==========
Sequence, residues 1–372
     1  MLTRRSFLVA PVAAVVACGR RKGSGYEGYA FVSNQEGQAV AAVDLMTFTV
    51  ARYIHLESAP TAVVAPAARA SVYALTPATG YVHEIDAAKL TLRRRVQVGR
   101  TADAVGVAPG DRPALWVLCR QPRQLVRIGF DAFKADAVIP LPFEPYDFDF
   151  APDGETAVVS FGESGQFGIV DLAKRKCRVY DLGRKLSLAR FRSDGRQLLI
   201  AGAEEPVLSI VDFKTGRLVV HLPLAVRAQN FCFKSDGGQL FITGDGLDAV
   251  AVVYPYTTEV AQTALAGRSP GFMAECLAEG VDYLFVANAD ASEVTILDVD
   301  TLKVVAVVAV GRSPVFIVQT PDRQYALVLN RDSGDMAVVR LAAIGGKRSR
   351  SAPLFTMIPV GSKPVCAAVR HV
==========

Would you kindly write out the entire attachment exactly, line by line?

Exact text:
Sequence, residues 1–372
     1  MLTRRSFLVA PVAAVVACGR RKGSGYEGYA FVSNQEGQAV AAVDLMTFTV
    51  ARYIHLESAP TAVVAPAARA SVYALTPATG YVHEIDAAKL TLRRRVQVGR
   101  TADAVGVAPG DRPALWVLCR QPRQLVRIGF DAFKADAVIP LPFEPYDFDF
   151  APDGETAVVS FGESGQFGIV DLAKRKCRVY DLGRKLSLAR FRSDGRQLLI
   201  AGAEEPVLSI VDFKTGRLVV HLPLAVRAQN FCFKSDGGQL FITGDGLDAV
   251  AVVYPYTTEV AQTALAGRSP GFMAECLAEG VDYLFVANAD ASEVTILDVD
   301  TLKVVAVVAV GRSPVFIVQT PDRQYALVLN RDSGDMAVVR LAAIGGKRSR
   351  SAPLFTMIPV GSKPVCAAVR HV